2018
).
Prior object-knowledge sharpens properties of early visual featuredetectors
.
Nature Scientific Reports
,
8
,
10853
. https://doi.org/10.1038/s41598-018-28845-5
Tierney, A., & Kraus, N. (
2015
).
Neural entrainment to the rhythmic structure of music
.
Journal of Cognitive Neuroscience
,
27
(
2
),
400
408
.
Toussaint, G. (
2013
).
The geometry of musical rhythm: What makes a ‘good’ rhythm good?
Boca Raton, FL
:
CRC Press
.
van Noorden, L., & Moelants, D. (
1999
).
Resonance in the perception of musical pulse
.
Journal of New Music Research
,
28
(
1
),
43
66
.
Wever, E. G., & Zener, K. E. (
1928
).
The method of absolute judgment in psychophysics
.
Psychological Review
,
35
(
6
),
466
493
. http://dx.doi.org/10.1037/h0075311
Witek, M. A. G., Clarke, E. F., Wallentin, M., Kringelbach, M. L., & Vuust, P. (
2014
)
Syncopation, body-movement and pleasure in groove music
.
PLoS ONE
9
(
4
),
e94446
. https://doi.org/10.1371/journal.pone.0094446

Tablature Representation of Stimuli used in Experiment 3

Stimuli consisted of hi-hat (HH), snare (S), and kick drum (K), as indicated on the left-hand side of each pattern. The hi-hat onsets are marked by “x”s, while snare and kick drum are marked by “o”s. Beat positions are indexed below each pattern.

Simple Patterns Complex Patterns 
JL_01_02 HH|x-x-x-x-x-x-x-x-|x-x-x-x-x-x-x-x-| |S |----o-------o-o-|----o-------o-o-| |K |o-------o-------|o--o----o--o----| |m   1 + 2 + 3 + 4 +   1 + 2 + 3 + 4 + JL_03_02 HH|x-x-x-x-x-x-x-x-|x-x-x-x-x-x-x-x-| |S |----o--o----o---|----o-o--o--o---| |K |o-o-----o-o--o--|o-o--o----o--o--| |m   1 + 2 + 3 + 4 +   1 + 2 + 3 + 4 + 
JL_02_02 HH|x-x-x-x-x-x-x-x-|x-x-x-x-x-x-x-x-| |S |----o--o----o-o-|----o--o----o---| |K |o-------o-o-----|o-------o-o-----| |m   1 + 2 + 3 + 4 +   1 + 2 + 3 + 4 + JL_04_02 HH|x-x-x-x-x-x-x-x-|x-x-x-x-x-x-x-x-| |S |----o-oo----o---|----oooo----o---| |K |o-o-----o----o--|o--o----o-o--o--| |m   1 + 2 + 3 + 4 +   1 + 2 + 3 + 4 +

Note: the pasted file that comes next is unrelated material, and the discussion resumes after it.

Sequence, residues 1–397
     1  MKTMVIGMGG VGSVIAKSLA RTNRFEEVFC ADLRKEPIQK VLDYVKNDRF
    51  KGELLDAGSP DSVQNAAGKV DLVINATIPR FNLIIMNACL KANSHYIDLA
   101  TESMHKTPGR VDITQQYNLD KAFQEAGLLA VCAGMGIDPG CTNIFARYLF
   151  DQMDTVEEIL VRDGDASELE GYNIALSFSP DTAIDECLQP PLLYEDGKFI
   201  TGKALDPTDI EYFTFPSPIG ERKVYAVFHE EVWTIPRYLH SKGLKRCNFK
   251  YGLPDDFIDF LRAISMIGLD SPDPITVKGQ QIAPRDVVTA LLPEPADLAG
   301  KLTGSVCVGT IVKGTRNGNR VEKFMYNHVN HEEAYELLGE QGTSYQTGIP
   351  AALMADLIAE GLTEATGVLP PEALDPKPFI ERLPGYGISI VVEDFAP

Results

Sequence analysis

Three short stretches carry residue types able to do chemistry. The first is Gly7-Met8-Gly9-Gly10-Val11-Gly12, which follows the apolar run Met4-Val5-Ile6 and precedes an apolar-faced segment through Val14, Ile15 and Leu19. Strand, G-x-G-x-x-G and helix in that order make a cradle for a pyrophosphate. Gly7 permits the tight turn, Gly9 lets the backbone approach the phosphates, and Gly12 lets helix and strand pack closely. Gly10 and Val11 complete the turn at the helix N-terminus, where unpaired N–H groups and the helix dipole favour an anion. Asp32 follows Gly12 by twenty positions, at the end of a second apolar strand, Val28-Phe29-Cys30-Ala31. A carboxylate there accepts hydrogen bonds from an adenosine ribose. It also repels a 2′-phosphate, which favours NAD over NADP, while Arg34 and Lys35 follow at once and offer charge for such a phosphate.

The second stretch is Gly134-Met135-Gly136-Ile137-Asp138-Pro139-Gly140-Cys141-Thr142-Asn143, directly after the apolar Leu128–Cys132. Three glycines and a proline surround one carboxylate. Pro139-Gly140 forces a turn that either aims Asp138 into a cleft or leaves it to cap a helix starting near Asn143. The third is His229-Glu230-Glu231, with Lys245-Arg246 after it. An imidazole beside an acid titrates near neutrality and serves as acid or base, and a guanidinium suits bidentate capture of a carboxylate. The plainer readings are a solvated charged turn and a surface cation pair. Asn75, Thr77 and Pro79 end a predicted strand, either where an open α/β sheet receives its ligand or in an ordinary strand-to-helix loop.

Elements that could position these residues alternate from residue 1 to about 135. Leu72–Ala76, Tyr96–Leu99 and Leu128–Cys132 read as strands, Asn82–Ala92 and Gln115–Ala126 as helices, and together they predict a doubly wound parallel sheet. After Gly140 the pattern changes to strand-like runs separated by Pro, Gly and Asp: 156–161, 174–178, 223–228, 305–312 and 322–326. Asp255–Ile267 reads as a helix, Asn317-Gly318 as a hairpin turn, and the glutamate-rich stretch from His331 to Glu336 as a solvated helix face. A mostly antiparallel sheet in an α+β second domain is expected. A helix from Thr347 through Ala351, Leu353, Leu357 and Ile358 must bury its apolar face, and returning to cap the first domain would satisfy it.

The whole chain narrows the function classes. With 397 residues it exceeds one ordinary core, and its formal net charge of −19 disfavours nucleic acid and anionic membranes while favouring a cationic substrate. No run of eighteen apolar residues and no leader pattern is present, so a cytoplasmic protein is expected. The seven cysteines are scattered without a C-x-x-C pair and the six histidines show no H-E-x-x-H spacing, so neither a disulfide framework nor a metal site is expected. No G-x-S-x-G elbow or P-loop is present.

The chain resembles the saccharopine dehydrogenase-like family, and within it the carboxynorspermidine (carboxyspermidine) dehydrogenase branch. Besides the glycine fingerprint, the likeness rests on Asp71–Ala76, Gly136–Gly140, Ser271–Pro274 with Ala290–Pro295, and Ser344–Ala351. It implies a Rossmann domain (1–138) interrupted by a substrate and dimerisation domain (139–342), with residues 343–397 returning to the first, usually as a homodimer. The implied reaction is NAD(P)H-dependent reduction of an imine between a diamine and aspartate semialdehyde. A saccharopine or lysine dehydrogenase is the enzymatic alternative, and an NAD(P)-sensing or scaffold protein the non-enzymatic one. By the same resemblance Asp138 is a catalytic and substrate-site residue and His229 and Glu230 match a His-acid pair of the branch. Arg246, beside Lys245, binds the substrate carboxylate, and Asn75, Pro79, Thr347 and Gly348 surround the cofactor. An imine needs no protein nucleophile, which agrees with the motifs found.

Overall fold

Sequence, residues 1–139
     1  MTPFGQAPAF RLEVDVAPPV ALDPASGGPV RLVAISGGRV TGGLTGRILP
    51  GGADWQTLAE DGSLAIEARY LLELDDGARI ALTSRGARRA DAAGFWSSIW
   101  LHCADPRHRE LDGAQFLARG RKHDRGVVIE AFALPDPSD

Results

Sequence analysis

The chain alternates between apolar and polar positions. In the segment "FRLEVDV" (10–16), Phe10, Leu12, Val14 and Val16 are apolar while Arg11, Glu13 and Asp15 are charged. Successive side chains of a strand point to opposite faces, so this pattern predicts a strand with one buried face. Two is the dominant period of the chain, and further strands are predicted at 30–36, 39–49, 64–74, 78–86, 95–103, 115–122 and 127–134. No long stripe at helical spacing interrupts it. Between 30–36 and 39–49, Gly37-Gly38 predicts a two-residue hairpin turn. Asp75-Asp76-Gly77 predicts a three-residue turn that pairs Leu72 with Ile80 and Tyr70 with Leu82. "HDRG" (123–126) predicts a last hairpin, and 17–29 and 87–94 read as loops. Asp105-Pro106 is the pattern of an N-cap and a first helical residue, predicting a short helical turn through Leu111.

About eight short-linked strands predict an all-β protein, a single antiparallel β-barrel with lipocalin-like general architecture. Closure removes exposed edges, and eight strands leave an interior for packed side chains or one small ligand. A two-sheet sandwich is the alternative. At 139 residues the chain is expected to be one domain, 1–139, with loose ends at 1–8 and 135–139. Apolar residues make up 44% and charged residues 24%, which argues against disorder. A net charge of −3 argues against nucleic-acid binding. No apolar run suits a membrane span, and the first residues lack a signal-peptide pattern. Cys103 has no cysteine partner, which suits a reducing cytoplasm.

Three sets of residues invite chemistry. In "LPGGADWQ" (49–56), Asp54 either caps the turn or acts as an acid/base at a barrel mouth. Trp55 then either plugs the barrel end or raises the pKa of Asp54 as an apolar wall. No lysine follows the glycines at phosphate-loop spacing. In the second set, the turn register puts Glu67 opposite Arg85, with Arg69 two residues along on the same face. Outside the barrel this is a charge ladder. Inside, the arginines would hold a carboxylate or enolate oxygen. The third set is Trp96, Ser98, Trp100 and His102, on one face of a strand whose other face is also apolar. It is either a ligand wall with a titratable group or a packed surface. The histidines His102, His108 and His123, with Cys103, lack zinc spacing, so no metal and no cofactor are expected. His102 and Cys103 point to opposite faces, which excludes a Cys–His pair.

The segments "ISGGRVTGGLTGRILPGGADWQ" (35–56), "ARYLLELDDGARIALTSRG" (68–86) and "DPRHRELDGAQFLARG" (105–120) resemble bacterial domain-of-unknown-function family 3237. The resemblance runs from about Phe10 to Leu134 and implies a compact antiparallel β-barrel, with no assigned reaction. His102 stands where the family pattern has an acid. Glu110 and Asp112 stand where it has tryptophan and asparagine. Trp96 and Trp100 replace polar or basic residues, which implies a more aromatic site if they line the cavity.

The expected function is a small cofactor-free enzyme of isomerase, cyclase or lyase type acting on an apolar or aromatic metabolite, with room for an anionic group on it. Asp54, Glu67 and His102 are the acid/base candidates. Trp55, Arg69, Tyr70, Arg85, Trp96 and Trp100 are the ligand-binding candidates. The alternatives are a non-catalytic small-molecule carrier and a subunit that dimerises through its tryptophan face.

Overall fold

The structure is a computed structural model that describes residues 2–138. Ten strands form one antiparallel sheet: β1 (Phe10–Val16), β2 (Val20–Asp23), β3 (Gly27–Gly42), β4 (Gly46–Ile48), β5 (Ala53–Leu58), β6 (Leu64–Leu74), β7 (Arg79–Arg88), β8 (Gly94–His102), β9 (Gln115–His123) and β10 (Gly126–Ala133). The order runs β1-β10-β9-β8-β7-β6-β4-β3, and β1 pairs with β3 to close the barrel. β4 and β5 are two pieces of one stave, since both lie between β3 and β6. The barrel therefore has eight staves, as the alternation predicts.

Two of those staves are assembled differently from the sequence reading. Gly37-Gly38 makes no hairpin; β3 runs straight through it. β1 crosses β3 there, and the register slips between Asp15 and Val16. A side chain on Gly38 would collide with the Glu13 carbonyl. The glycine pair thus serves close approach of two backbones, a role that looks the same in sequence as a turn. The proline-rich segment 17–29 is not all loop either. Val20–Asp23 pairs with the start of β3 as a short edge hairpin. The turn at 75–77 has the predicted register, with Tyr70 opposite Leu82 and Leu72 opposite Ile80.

witek_s03_02 HH|x-x-x-x-x-x-x-x-|x-x-x-x-x-x-x-x-| |S |----o-------o---|----o-------o---| |K |o-------o-----o-|o-----o-o-------| |m   1 + 2 + 3 + 4 +   1 + 2 + 3 + 4 + witek_s18_02 HH|x-x-x-x-x-x-x-x-|x-x-x-x-x-x-x-x-| |S |----o---------o-|-o--o--o-oo-o---| |K |o------oo-o-----|--oo----o-----o-| |m   1 + 2 + 3 + 4 +   1 + 2 + 3 + 4 + 
witek_s10_02 HH|x-x-x-x-x-x-x-x-|x-x-x-x-x-x-x-x-| |S |----o-------o---|----o-------o---| |K |o------oo-------|o-o--o--o-------| |m   1 + 2 + 3 + 4 +   1 + 2 + 3 + 4 + witek_s28_02 HH|x-x-x-x-x-x-x-x-|x-x-x-x-x-x-x-x-| |S |------o--o--o-o-|----o----o--o---| |K |oo------o--o----|o-oo----o--o----| |m   1 + 2 + 3 + 4 +   1 + 2 + 3 + 4 + 
Simple Patterns Complex Patterns 
JL_01_02 HH|x-x-x-x-x-x-x-x-|x-x-x-x-x-x-x-x-| |S |----o-------o-o-|----o-------o-o-| |K |o-------o-------|o--o----o--o----| |m   1 + 2 + 3 + 4 +   1 + 2 + 3 + 4 + JL_03_02 HH|x-x-x-x-x-x-x-x-|x-x-x-x-x-x-x-x-| |S |----o--o----o---|----o-o--o--o---| |K |o-o-----o-o--o--|o-o--o----o--o--| |m   1 + 2 + 3 + 4 +   1 + 2 + 3 + 4 + 
JL_02_02 HH|x-x-x-x-x-x-x-x-|x-x-x-x-x-x-x-x-| |S |----o--o----o-o-|----o--o----o---| |K |o-------o-o-----|o-------o-o-----| |m   1 + 2 + 3 + 4 +   1 + 2 + 3 + 4 + JL_04_02 HH|x-x-x-x-x-x-x-x-|x-x-x-x-x-x-x-x-| |S |----o-oo----o---|----oooo----o---| |K |o-o-----o----o--|o--o----o-o--o--| |m   1 + 2 + 3 + 4 +   1 + 2 + 3 + 4 + 
witek_s03_02 HH|x-x-x-x-x-x-x-x-|x-x-x-x-x-x-x-x-| |S |----o-------o---|----o-------o---| |K |o-------o-----o-|o-----o-o-------| |m   1 + 2 + 3 + 4 +   1 + 2 + 3 + 4 + witek_s18_02 HH|x-x-x-x-x-x-x-x-|x-x-x-x-x-x-x-x-| |S |----o---------o-|-o--o--o-oo-o---| |K |o------oo-o-----|--oo----o-----o-| |m   1 + 2 + 3 + 4 +   1 + 2 + 3 + 4 + 
witek_s10_02 HH|x-x-x-x-x-x-x-x-|x-x-x-x-x-x-x-x-| |S |----o-------o---|----o-------o---| |K |o------oo-------|o-o--o--o-------| |m   1 + 2 + 3 + 4 +   1 + 2 + 3 + 4 + witek_s28_02 HH|x-x-x-x-x-x-x-x-|x-x-x-x-x-x-x-x-| |S |------o--o--o-o-|----o----o--o---| |K |oo------o--o----|o-oo----o--o----| |m   1 + 2 + 3 + 4 +   1 + 2 + 3 + 4 +